Departures

I love substitute teaching. I love the variety and daily change of pace. Even when I’ve done long term assignments each day is different. One of the other nice aspects is being able to look at the politics of a work environment and celebrate not being a part of it. I like getting to know students and trainees and seeing their bad sides (and subs always see the worst part of students) knowing they are essentially good people–for the most part, I hate seeing the mean in some kids and I’ve hated seeing bullying. I also love getting to know the faculty at the different schools I work at.

Today was the last day for one of the Faculty in Assembly. She left half-way through the day and got the chance to say good-bye to all the trainees she worked with. Some of them were brought to tears and some are not sure what happened. She left for the reasons most people leave: greener-pastures, better pay and benefits and a change of pace. She wanted to continue in Assembly and work at the new job as well, but conflicting training schedules ruled that out. Things like this happen.

The difference in this experience and when a teacher leaves mid-term at a main-line school is the student rumor-mill. Like Assembly, faculty do not tell students why someone leave. It rightfully isn’t their business. At school, the student rumor-mill goes into over drive. The students try to figure out why something they don’t understand happened. Particularly with popular people like the faculty-member who left today. Sometimes dark-hints from less than ethical faculty will cause student-body ire to fall on administration or other faculty. In Assembly, the trainees cry and admit how much they will miss someone, but only occasionally is there a bru-ha-ha.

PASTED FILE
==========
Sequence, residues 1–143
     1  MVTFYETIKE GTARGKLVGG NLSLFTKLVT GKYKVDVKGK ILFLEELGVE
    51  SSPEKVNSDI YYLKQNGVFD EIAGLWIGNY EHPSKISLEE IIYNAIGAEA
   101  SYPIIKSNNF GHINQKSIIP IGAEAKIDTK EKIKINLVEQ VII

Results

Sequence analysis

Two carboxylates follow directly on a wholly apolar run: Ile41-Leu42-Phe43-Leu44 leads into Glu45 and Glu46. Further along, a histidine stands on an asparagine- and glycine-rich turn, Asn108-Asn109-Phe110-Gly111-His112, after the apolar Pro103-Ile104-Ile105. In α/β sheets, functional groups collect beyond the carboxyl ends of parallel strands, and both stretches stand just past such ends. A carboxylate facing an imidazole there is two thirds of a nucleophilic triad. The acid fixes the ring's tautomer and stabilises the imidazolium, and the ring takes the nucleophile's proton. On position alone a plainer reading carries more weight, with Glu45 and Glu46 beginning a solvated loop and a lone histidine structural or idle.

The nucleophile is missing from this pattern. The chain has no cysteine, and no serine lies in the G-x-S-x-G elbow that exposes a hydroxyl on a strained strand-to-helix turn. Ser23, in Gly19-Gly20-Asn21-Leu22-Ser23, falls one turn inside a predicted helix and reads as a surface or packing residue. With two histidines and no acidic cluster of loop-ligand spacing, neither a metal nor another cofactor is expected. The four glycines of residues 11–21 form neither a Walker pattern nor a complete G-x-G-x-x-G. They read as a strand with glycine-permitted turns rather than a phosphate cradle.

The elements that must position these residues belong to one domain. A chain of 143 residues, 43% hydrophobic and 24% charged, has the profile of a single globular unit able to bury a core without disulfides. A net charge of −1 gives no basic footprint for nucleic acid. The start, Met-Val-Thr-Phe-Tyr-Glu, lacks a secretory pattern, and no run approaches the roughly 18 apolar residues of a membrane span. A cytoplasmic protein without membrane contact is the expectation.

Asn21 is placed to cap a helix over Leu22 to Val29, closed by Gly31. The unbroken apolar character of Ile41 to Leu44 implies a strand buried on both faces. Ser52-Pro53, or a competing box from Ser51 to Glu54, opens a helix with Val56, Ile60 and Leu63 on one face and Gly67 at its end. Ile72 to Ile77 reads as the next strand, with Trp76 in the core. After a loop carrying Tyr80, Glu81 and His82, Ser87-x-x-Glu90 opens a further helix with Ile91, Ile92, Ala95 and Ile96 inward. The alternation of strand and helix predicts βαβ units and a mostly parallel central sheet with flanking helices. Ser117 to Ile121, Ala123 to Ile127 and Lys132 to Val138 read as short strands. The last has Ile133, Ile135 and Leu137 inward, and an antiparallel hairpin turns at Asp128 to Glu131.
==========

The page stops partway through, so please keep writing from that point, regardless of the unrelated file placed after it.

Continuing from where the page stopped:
When I first started subbing at Assembly, I was replacing a faculty member who left under dubious conditions. The rest of the faculty was glad to see her go, but not many trainees. When I took over, I was answering questions about the now gone faculty-member and when was she coming back for two weeks. A couple even told me it was my fault (usually after I told them to do something). Still, acceptance settles in faster in Assembly than at a main-line school.

To me, the reason is simple: constant turnover. At the institutional care most of the Assembly trainees live in, there is a lot of turn-over. The work is hard. I couldn’t do it. I can’t deal with adults who need bathrooming help and I gag at the smell of poop. There is not a lot of long term continuity and so the trainees get used to people going in and out of their lives. The trainees know I am a sub and that I work with every population group. They are used to the idea that I will be working with them one day, at a middle-school another day and then magically, I am back with them or with a different group in the facility like Laundry or Brick.

While I am very glad the particular faculty-member left today (she did give notice and was quite professional) and agree with why she went, I find the consistency of the trainees lives lacking. Even here, some of the faculty have been in Assembly for years. One for thirty-two years, but it just isn’t the same. Living on a bed of sand is not good for anyone.

Advertisements

Leave a Reply

Fill in your details below or click an icon to log in:

WordPress.com Logo

You are commenting using your WordPress.com account. Log Out / Change )

Twitter picture

You are commenting using your Twitter account. Log Out / Change )

Facebook photo

You are commenting using your Facebook account. Log Out / Change )

Google+ photo

You are commenting using your Google+ account. Log Out / Change )

Connecting to %s